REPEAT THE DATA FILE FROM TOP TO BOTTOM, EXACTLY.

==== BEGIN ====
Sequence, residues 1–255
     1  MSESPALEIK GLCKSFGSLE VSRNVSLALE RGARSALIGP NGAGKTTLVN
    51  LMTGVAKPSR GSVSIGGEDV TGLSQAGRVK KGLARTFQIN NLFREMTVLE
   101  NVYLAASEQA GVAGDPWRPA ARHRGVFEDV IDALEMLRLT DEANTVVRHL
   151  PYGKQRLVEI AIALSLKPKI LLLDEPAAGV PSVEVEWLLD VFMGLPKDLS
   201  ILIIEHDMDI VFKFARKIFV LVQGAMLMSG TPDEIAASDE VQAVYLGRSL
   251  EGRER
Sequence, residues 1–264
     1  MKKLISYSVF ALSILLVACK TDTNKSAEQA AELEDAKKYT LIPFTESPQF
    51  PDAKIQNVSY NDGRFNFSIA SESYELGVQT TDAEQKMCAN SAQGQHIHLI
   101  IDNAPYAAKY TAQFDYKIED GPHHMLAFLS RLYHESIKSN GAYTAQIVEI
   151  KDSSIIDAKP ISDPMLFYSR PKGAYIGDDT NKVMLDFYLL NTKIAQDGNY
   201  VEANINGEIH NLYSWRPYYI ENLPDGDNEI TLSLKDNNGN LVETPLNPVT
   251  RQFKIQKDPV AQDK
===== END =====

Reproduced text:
Sequence, residues 1–255
     1  MSESPALEIK GLCKSFGSLE VSRNVSLALE RGARSALIGP NGAGKTTLVN
    51  LMTGVAKPSR GSVSIGGEDV TGLSQAGRVK KGLARTFQIN NLFREMTVLE
   101  NVYLAASEQA GVAGDPWRPA ARHRGVFEDV IDALEMLRLT DEANTVVRHL
   151  PYGKQRLVEI AIALSLKPKI LLLDEPAAGV PSVEVEWLLD VFMGLPKDLS
   201  ILIIEHDMDI VFKFARKIFV LVQGAMLMSG TPDEIAASDE VQAVYLGRSL
   251  EGRER
Sequence, residues 1–264
     1  MKKLISYSVF ALSILLVACK TDTNKSAEQA AELEDAKKYT LIPFTESPQF
    51  PDAKIQNVSY NDGRFNFSIA SESYELGVQT TDAEQKMCAN SAQGQHIHLI
   101  IDNAPYAAKY TAQFDYKIED GPHHMLAFLS RLYHESIKSN GAYTAQIVEI
   151  KDSSIIDAKP ISDPMLFYSR PKGAYIGDDT NKVMLDFYLL NTKIAQDGNY
   201  VEANINGEIH NLYSWRPYYI ENLPDGDNEI TLSLKDNNGN LVETPLNPVT
   251  RQFKIQKDPV AQDK